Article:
Major funding boost to support Britain’s students with new training opportunities and state-of-the-art facilities

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Manchester City College is using the funding to build a digital lab contributing to the growing media and TV sector.

£48 million to boost rollout of Higher Technical Qualifications and £140 million for schools and colleges to transform their facilities.

Students up and down the country are set to benefit from more opportunities to embark on a high-quality alternative to a traditional degree, as part of a major investment in skills so people can access training to secure great jobs and grow the economy.

The £48 million Skills Injection Fund (SIF) is being launched today to boost the rollout of Higher Technical Qualifications (HTQs). 

HTQs are technical courses at levels 4 and 5 which equip students from all backgrounds with the high-quality, higher-level skills needed to secure well-paying jobs, like software developer or construction site supervisor. They also help to meet local labour market needs and boost local economies. The new investment will allow colleges and other providers to deliver more HTQs by funding specialist equipment, facilities, and upskilling staff.

Meanwhile, more than 40 schools and colleges will receive a share of £140 million to transform their facilities to meet demographic increases in young people aged 16 to 19. This could include building more classroom space or technical teaching facilities, so that more students have access to high quality learning environments and projects that will set them on a path to success.

Minister for Skills, Apprenticeships and Higher Education Robert Halfon said:

Supporting people from all backgrounds to embark on high-quality technical courses, armed with the skills they need to climb the ladder of opportunity, is crucial to building a world-class skills nation.

Boosting funding to support the delivery of Higher Technical Qualifications and ensuring that schools and colleges have the space they need to provide all students with top notch training is essential to achieving parity of esteem with traditional degrees and plugging skills gaps in key sectors.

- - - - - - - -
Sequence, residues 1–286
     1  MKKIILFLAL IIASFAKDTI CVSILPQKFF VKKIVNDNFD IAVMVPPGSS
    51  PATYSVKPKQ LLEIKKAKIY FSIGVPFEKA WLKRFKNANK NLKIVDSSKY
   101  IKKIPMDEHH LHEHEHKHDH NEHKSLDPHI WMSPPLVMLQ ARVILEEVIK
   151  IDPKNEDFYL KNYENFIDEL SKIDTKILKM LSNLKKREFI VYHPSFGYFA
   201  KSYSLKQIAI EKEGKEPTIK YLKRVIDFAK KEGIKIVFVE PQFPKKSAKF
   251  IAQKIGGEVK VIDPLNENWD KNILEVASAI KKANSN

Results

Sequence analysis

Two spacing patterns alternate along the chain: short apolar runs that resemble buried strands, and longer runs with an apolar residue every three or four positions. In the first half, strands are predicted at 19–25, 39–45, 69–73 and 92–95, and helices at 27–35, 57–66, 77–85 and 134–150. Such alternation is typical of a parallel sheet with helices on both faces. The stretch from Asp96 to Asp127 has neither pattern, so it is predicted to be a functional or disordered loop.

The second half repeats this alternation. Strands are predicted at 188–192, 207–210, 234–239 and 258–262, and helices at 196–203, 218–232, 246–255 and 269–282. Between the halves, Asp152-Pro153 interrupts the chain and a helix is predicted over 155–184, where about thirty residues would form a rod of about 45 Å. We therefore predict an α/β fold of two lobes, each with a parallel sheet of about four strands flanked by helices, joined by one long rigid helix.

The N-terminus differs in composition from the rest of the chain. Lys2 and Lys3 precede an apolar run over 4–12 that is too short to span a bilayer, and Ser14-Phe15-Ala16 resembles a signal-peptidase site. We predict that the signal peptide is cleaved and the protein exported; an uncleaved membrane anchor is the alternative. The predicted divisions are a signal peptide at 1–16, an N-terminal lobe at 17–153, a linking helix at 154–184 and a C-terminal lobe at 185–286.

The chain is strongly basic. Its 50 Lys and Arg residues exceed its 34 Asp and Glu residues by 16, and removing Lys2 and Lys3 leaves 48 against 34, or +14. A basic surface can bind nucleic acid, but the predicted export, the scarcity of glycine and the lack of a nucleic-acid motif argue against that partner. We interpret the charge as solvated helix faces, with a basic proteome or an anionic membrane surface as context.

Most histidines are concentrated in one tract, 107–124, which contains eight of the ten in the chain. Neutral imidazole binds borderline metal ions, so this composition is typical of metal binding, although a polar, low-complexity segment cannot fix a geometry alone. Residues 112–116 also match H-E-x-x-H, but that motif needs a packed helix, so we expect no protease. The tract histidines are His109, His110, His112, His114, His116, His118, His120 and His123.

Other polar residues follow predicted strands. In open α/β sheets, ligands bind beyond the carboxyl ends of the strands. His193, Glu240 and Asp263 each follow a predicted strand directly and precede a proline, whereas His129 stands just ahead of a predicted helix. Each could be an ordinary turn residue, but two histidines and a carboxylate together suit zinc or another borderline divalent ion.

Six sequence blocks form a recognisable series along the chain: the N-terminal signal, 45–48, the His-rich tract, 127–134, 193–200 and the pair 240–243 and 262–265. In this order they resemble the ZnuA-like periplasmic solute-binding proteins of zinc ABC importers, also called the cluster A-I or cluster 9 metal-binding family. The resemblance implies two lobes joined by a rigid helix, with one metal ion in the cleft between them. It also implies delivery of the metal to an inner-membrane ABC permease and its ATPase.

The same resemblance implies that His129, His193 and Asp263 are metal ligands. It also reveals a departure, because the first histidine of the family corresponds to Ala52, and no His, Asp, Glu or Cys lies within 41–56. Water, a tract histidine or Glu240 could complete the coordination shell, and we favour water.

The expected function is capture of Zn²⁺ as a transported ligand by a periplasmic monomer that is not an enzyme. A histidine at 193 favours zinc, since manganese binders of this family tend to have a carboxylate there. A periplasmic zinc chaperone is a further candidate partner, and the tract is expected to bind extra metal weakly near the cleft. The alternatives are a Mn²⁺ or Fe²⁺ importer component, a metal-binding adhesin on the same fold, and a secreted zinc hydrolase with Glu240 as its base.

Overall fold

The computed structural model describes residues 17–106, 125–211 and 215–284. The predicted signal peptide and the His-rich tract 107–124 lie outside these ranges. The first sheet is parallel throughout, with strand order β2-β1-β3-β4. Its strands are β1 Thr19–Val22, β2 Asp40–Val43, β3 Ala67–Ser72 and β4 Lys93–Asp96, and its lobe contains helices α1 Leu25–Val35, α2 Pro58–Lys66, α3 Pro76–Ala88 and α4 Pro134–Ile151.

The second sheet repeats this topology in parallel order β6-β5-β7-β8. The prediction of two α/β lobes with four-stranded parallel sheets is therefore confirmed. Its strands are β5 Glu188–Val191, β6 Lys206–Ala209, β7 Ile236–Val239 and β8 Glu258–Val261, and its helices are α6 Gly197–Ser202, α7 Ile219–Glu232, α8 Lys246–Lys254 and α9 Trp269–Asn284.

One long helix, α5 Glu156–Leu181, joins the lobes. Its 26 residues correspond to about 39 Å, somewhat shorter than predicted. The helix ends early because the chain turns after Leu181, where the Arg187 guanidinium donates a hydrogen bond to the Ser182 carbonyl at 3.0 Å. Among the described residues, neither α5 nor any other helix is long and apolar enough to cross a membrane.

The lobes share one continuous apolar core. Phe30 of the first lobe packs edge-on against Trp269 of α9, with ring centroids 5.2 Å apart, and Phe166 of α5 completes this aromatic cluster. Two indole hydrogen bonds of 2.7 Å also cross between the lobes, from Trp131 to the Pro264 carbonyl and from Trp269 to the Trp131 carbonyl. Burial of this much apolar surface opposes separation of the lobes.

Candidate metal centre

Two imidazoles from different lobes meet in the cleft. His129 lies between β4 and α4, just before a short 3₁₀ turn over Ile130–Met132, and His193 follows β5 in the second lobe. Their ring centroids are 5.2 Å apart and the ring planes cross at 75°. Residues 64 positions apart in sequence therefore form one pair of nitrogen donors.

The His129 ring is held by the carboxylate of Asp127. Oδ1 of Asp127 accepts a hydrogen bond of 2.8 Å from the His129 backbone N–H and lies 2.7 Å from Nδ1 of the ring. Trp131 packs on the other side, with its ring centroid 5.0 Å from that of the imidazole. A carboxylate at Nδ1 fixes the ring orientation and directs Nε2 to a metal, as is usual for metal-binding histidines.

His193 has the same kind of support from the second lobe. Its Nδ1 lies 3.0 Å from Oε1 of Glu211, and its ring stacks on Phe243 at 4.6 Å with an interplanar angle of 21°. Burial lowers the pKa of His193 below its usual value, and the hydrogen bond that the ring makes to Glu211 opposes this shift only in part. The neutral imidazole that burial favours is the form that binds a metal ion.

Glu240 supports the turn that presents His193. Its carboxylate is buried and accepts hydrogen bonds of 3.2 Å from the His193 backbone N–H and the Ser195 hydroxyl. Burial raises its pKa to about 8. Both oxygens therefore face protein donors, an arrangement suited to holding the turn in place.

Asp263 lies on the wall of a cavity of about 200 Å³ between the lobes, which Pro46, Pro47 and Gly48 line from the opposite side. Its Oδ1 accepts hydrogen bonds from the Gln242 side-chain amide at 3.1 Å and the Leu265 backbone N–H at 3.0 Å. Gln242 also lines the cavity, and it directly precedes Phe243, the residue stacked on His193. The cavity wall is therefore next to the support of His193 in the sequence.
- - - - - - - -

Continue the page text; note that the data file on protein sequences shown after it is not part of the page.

The rollout of HTQs is a key part of the Government’s post-18 skills reform to grow high-quality Level 4 and 5 qualifications, building towards the Lifelong Loan Entitlement. The previous round of the SIF distributed over £21 million to 85 providers, boosting skills training across the country. This includes Manchester City College which used the funding to build a digital lab contributing to the growing media and TV sector.

Further Education colleges and other providers have been invited to apply for a share of the Skills Injection Fund, with new courses starting September 2024. This includes courses in Education & Childcare and Engineering & Manufacturing which will help to produce a pipeline of talent that will plug skills gaps in these key sectors.

Both rounds of funding are part of the Government’s plans to transform technical education and training to ensure that young people from all backgrounds have the opportunity to gain the skills they need to succeed and provide local employers with access to the skilled workforce they need to grow. This builds on the £165 million Local Skills Improvement Fund announced earlier this month, which will provide tailored funding to plug local skills gaps across the country.

The government say these transformative measures will revolutionise skills training to meet local needs and help fulfil the Prime Minister’s priority of boosting the economy.

Source: Department for Education and The Rt Hon Robert Halfon MP

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